I realized that with all the excitement in Marseille I forgot to finish my entries for Nice. When I arrived in Nice I was not smitten with it but after three days I was in love with it. After my first day of wonderful doings, I woke on Monday and went to the health food store right around the corner from the Nice hostel, one of the French La Vie Claire stores, which had a large selection of gluten-free foods including palmiers, a favorite pastry of mine since childhood and one I was regretting not being able to eat while in France. Well I got my chance thanks to the Valpiform company and their sans-gluten mini palmiers. I also purchased bio sheep’s milk yogurt with chestnuts (delicious) .
I went in search of the Bio & Cie vegetarian and bio restaurant– see picture – and ate a large salad there for lunch later in the day. Bio & Cie is small with about 12 little tables, but was plenty busy.
I wandered through the antiques market and saw a few fun and wonderful things, but most were priced out of my range. See picture of Chantelle and notice lamp placement ☺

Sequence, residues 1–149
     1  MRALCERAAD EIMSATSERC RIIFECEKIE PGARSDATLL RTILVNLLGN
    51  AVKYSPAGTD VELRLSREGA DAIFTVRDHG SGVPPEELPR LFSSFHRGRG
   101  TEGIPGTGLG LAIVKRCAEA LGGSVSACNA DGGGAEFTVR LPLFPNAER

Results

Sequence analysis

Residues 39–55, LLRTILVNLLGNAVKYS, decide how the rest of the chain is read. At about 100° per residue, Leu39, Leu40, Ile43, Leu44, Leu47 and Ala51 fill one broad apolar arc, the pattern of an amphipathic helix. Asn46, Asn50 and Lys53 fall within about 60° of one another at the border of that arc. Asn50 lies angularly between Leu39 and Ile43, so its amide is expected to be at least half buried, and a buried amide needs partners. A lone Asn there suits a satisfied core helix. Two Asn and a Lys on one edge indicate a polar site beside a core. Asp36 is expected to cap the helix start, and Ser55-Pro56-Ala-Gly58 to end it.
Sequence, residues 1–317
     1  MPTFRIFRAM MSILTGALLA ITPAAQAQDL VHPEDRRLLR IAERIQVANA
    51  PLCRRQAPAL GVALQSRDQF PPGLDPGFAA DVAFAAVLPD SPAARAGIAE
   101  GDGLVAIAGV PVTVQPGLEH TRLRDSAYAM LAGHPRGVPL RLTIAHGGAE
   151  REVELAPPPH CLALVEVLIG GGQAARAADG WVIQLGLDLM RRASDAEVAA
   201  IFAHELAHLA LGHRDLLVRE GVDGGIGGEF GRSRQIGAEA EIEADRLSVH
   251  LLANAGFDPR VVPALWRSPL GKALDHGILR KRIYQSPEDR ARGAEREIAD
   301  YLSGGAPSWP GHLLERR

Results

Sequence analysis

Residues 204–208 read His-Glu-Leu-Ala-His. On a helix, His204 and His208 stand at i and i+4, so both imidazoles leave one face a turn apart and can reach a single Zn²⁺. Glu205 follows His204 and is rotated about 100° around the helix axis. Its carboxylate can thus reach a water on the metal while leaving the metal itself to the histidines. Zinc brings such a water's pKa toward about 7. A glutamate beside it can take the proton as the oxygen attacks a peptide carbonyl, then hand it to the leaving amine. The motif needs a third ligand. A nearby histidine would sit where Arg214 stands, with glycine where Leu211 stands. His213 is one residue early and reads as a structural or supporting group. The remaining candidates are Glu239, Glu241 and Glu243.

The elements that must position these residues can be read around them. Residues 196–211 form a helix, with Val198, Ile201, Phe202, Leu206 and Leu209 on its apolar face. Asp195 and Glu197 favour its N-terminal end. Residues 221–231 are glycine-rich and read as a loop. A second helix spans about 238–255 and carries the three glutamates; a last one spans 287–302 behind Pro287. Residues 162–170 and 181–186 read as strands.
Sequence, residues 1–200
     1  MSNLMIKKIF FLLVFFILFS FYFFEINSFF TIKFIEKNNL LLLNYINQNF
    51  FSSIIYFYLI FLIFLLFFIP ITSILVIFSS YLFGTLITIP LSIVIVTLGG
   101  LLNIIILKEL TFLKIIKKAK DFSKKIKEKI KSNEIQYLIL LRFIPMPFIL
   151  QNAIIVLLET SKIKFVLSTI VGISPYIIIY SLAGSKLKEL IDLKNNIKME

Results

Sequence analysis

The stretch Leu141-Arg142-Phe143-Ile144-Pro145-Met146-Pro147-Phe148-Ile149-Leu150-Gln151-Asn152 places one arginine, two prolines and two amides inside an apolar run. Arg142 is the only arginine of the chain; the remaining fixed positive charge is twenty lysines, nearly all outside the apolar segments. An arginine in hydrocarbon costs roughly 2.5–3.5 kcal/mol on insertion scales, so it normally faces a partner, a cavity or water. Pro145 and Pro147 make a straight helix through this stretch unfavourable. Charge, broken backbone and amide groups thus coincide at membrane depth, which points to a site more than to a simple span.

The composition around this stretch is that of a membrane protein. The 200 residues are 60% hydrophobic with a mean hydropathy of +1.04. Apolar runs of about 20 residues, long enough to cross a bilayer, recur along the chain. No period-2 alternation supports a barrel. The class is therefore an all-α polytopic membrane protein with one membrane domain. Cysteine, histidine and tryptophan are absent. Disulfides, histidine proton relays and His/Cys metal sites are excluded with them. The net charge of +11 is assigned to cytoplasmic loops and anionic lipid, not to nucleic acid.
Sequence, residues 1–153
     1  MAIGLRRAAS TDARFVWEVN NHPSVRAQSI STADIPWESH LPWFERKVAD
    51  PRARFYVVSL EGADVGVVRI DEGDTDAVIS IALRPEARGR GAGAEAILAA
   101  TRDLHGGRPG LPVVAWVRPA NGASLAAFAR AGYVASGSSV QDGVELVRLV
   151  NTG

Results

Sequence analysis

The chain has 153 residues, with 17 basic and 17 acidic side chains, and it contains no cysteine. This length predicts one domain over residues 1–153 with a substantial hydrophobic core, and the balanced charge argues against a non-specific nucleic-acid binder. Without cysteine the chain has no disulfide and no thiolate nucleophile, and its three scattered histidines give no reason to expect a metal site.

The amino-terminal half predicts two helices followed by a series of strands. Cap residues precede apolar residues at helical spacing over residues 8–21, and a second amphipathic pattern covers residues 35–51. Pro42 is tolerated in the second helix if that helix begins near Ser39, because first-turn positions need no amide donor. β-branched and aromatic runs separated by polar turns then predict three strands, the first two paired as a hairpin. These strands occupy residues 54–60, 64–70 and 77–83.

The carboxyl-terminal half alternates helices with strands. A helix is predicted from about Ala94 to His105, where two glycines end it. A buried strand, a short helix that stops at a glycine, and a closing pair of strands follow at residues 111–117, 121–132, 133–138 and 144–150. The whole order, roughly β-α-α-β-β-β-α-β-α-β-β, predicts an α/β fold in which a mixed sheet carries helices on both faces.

Then took a bus to the Chagall Museum – a MUST for any Chagall lover – and for that matter anyone. Breathtaking, huge paintings depicting scenes from the bible, as well as some of his earlier, smaller paintings are spread out through the airy and light museum dedicated to Chagall’s work. I would post the photographs that I was allowed to take, but web posting is not allowed so you will have go to Nice yourself to experience this glory.
After lunch I took a regional bus to Grasse – perfume center of the world. Grasse itself is not much to write home about. I did go to both the Molinard and Fragonard Perfume exhibits. Fragonard’s is extensive with an array of perfume artifacts dating back to ancient Egypt, the Orient, and Europe – worthwhile for any one interested in the history of scent and the origins of the perfume industry – which up until World War II was based on natural plants as the sources for perfumes.